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4 Things Investors Should Consider During the 2022 Midterm Elections

There will always be a lot to consider during any election period. However, given the last couple of years, it is understandable to be concerned about what your vote may mean for you.

Midterm elections will take place on Tuesday, Nov. 8. It's common to have questions at this point before preparing your ballot. The midterm elections occur halfway through a president's four-year term. During these elections, all 435 seats in the U.S. House are up for election and 35 seats in the Senate. Additionally, 36 states and three territories are holding elections for their governor.

Equities typically perform well-following midterm elections as political uncertainty declines. The markets prefer certainty to uncertainty. During the last 90 years, the Standard & Poor's 500 index produced a median return of 3% through year-end and 17% during the 12 months following midterm elections.

Historically, equity market returns have usually been slightly more substantial under a divided government versus periods when one party has unified political control. However, it's essential to consider other risks facing the U.S. and global economies, such as high inflation, generally rising interest rates, lingering supply chain issues, and other possible unforeseen risks.

The Equity Market Has Been Positive the Year After Midterms

Notably, over the past six decades, the president's political party has lost, on average, 23 seats in the U.S. House. The only presidents who led their party to gain seats in the House were Bill Clinton in 1998 and George W. Bush in 2002. However, the stock market has posted positive returns in the calendar year following midterms for more than six decades, regardless of the election outcome.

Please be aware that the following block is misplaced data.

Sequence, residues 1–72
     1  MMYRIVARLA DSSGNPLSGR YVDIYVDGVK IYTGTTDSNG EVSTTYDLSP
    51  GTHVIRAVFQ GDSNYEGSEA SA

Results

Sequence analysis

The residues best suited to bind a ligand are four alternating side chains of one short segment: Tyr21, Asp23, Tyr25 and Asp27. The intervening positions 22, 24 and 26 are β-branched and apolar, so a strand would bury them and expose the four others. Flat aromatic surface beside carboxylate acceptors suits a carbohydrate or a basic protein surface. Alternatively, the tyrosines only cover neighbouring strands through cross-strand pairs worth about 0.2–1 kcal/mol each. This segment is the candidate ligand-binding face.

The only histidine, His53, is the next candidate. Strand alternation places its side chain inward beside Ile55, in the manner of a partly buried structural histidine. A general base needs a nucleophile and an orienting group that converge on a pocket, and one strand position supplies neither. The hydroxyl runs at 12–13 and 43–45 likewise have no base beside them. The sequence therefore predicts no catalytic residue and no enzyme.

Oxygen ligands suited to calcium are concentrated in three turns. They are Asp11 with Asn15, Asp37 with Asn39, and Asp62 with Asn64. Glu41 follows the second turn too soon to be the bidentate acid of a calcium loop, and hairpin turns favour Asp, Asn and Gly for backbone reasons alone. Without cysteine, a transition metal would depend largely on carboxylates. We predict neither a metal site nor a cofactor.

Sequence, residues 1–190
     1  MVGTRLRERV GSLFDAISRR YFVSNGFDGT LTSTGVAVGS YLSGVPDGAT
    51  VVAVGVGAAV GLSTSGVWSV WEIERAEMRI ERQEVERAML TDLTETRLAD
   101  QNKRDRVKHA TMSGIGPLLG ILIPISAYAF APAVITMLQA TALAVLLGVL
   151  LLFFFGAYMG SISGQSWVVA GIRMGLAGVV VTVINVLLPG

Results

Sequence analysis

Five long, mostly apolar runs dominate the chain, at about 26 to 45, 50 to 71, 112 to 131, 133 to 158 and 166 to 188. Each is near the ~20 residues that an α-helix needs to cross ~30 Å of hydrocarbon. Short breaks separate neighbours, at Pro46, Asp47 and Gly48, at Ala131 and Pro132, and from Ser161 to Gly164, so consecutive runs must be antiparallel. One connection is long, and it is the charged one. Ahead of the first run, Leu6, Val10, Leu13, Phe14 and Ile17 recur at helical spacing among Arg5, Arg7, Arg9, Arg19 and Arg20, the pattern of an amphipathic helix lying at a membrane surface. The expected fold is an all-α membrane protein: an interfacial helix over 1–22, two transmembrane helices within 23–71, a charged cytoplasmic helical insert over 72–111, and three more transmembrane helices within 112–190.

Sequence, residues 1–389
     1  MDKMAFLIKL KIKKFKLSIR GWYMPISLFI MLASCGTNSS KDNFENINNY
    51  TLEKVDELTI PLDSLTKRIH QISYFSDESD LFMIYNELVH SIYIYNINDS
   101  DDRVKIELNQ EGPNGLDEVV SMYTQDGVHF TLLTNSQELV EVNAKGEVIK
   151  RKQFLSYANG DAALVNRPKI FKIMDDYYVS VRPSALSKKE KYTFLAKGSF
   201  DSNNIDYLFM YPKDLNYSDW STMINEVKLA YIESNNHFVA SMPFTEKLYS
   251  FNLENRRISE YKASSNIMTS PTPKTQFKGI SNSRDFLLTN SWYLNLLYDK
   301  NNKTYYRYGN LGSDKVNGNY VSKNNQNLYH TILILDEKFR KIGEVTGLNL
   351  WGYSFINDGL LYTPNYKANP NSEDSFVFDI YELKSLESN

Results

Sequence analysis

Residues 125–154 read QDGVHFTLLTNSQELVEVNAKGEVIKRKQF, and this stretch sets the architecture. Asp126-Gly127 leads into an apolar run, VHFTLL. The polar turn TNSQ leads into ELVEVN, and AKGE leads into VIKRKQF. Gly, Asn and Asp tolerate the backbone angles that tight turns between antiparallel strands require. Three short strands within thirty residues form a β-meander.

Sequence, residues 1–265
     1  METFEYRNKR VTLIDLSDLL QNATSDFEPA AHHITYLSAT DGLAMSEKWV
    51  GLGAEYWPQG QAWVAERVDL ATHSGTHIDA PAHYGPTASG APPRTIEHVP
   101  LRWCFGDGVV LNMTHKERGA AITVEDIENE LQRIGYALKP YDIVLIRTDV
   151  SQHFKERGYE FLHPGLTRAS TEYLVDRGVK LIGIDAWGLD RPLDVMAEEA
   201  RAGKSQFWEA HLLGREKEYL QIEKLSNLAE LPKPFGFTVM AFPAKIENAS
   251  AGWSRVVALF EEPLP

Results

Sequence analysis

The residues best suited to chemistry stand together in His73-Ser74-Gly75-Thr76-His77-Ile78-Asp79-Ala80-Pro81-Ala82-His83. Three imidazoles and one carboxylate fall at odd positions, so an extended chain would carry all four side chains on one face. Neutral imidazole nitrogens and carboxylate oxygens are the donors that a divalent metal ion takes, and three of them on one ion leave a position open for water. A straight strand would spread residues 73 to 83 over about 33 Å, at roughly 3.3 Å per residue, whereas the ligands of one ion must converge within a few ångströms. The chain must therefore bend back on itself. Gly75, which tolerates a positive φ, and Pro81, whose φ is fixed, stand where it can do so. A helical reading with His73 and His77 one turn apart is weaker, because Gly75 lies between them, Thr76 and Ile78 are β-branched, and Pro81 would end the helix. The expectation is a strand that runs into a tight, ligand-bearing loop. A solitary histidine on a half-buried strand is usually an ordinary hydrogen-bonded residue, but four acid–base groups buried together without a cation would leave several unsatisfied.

Markets Are Often Volatile in Year Two of a Presidential Cycle and Perform Strongest In Year Three

Markets historically tended to perform the worst in the year ahead of midterms, and 2022 appears to be continuing that pattern. However, year three of the presidential cycle has historically posted strong average returns. Market results in the year after midterms have tended to be strong regardless of the outcome, despite talk of markets preferring divided government.

Politicians Don't Radically Re-Engineer the Economy or Dramatically Alter Economic Growth

Many investors fear that a political party might radically re-engineer the economy. But consumption, business investment, and government spending have been remarkably consistent as a gross domestic product (GDP) percentage across multiple iterations of government control. Moreover, economic activity, represented by the median annualized quarterly percent change in U.S. GDP, has been remarkably similar during single-party and divided government rule.

Investors Have Been Better Off Remaining Fully Invested

Lastly, over the past 120+ years, those that would have stayed fully invested in a diversified portfolio in both Democratic and Republican administrations would have likely seen generally positive growth.

The more time investors spend participating in markets, and the less time they spend focusing on politics, the better. Ultimately, making impulsive decisions is one of the worst things you can do.

The data shows that during election periods, nothing drastically changes year-to-year, regardless of who wins. Don't let election outcomes disrupt long-term investment plans — no matter who you favor.

If you would like to learn more about how investors should handle volatile market situations, check out another recent blog, 3 Tips for Facing a Volatile Market.

Investment advice is offered through OneDigital Investment Advisors, an SEC-registered investment adviser and wholly owned subsidiary of OneDigital.

Any economic forecasts made in this commentary are merely opinion, and any referenced performance data is historical. Past performance is no guarantee of future results. All investments are subject to risk of loss, and any investment strategy may lose value.